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Sammy Davis, Jr. Photograph by Carl Van Vechten, 1956. Courtesy of the Library of Congress (LC-USZ62-114446).

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Davis, Sammy, Jr. (08 December 1925–16 May 1990), variety performer and entertainer, was born in Harlem, New York, the son of Sammy Davis, Sr., an African-American dancer, and Elvera “Baby” Sanchez, a Puerto Rican chorus girl, both in Will Mastin’s Holiday in Dixieland...

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Lewis, Ted (06 June 1890–25 August 1971), entertainer, musician, and bandleader, was born Theodore Leopold Friedman in rural Circleville, Ohio, the son of an owner of a dry goods store whose name cannot be ascertained. Young Theodore began his show business career performing in a nickelodeon in his hometown and learned to play the clarinet in his school band. As a beginning clarinetist, Lewis was something of a prodigy. Although he was never regarded seriously as a musician, he played easily and improvised naturally. Having no desire to go into the dry goods business and still in his teens, he went to Columbus, Ohio, where for a time he demonstrated instruments in a music store. His freewheeling improvisations amused customers but eventually caused him to lose the job....

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Mills, Florence (25 January 1895–01 November 1927), entertainer, was born Florence Winfree in Washington, D.C., the daughter of John Winfree, a carpenter, and Nellie Simons, who did laundry. Educated locally, by age five Mills was winning contests in cakewalking and buck dancing. Her first professional engagement came as Baby Florence Mills in the second company (1902) of the Williams-Walker ...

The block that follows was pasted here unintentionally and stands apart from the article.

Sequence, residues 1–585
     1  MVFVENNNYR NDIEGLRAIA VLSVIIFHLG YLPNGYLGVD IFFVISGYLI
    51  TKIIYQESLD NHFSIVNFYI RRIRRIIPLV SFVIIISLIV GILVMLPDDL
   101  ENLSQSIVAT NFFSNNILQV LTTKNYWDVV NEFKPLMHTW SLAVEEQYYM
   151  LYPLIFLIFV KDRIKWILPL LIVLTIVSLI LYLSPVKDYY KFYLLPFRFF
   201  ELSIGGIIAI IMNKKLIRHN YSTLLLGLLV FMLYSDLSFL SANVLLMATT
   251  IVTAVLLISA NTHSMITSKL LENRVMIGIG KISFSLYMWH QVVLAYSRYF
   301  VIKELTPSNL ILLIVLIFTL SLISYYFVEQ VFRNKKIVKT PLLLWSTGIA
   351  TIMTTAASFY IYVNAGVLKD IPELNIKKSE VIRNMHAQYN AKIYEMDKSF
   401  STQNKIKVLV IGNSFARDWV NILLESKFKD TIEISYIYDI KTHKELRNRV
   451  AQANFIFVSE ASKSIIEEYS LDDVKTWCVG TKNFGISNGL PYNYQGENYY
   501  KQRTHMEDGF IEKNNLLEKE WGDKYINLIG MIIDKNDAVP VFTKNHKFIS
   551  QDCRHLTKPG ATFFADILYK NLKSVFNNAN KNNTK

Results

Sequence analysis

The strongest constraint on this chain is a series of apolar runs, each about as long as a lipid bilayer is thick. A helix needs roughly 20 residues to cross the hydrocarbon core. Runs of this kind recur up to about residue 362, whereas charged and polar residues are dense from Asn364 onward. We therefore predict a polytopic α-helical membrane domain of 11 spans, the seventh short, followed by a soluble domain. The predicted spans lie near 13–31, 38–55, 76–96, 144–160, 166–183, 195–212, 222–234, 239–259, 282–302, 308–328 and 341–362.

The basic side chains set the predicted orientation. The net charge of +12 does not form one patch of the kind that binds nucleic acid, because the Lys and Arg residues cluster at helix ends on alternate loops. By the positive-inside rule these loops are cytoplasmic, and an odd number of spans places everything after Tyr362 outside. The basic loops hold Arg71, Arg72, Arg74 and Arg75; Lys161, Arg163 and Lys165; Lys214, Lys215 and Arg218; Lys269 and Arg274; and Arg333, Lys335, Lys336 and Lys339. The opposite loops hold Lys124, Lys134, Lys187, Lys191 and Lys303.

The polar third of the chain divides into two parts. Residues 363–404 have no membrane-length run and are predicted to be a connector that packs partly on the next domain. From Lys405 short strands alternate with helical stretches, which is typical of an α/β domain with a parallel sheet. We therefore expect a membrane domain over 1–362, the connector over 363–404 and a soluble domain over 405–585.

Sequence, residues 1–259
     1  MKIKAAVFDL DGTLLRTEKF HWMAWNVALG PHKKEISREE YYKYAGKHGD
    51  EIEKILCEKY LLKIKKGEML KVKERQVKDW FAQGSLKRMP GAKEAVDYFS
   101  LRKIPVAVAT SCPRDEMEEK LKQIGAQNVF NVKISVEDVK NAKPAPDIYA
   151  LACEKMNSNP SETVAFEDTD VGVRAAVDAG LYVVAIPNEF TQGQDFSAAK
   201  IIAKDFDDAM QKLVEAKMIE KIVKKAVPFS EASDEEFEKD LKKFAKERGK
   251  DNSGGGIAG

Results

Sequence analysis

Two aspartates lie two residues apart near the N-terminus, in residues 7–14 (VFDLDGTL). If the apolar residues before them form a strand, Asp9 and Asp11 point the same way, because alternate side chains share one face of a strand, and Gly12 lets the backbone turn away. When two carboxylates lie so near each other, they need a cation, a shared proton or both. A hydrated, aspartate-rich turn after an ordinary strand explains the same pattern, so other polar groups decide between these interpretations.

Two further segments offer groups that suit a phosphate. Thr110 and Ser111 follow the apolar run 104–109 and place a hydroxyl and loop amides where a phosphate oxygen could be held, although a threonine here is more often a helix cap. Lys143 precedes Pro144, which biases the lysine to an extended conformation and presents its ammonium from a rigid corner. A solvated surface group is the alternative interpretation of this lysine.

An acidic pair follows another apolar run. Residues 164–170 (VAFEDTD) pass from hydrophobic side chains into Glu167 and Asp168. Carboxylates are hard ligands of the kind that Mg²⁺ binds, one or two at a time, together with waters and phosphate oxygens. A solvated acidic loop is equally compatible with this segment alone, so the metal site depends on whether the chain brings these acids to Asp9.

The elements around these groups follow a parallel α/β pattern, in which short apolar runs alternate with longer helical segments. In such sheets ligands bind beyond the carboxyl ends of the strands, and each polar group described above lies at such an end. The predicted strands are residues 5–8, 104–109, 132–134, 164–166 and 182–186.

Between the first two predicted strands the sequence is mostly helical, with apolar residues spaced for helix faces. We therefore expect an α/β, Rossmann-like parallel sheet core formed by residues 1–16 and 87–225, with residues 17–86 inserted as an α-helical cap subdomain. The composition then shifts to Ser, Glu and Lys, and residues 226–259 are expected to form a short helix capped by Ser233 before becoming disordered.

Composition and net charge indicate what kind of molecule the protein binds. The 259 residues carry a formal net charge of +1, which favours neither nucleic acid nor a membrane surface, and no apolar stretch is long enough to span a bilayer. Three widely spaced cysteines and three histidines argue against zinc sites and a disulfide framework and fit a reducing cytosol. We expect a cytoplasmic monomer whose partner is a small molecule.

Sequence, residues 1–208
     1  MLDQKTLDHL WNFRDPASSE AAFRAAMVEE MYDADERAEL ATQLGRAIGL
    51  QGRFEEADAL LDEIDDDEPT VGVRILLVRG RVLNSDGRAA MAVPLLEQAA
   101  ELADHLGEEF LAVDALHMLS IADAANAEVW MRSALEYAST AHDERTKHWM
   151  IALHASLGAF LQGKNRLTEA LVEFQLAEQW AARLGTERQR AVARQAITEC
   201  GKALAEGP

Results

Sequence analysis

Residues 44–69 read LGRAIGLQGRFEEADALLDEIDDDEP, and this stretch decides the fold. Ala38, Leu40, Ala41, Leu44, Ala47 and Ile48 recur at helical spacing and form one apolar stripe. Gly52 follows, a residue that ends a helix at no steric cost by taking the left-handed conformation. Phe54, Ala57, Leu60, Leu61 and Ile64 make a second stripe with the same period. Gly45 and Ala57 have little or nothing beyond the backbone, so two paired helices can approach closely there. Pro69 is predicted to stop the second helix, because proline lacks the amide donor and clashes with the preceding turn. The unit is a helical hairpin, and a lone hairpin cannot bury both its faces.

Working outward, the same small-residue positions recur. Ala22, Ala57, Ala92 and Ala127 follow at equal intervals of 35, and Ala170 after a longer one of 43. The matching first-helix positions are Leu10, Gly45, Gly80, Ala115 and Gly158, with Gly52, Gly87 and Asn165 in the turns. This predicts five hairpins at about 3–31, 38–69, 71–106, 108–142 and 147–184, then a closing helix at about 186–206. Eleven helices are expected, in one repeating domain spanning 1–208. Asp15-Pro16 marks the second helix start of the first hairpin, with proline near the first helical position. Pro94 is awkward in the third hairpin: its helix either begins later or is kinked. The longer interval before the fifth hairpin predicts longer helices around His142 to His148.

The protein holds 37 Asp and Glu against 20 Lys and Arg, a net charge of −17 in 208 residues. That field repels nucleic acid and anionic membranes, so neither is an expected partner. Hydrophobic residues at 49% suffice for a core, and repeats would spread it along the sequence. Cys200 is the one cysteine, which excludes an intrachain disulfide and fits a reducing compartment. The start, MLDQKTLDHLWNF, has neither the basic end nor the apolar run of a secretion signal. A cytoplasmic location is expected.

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Rooney, Pat (04 July 1880–09 September 1962), vaudeville, musical theater, and nightclub performer, was born Patrick James Rooney, Jr., in New York City, the son of Patrick James Rooney, Sr., and Josie Granger, entertainers. His mother had danced in the chorus of The Black Crook...

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See Williams, Bert

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Williams, Bert (12 November 1874–04 March 1922), and George Walker (1873–06 January 1911), stage entertainers, were born, respectively, Egbert Austin Williams in Nassau, the Bahamas, and George Williams Walker in Lawrence, Kansas. Williams was the son of Frederick Williams, Jr., a waiter, and Julia Monceur. Walker was the son of “Nash” Walker, a policeman; his mother’s name is unknown. Williams moved with his family to Riverside, California, in 1885 and attended Riverside High School. Walker began performing “darkey” material for traveling medicine shows during his boyhood and left Kansas with Dr. Waite’s medicine show. In 1893 the two met in San Francisco, where they first worked together in Martin and Selig’s Minstrels....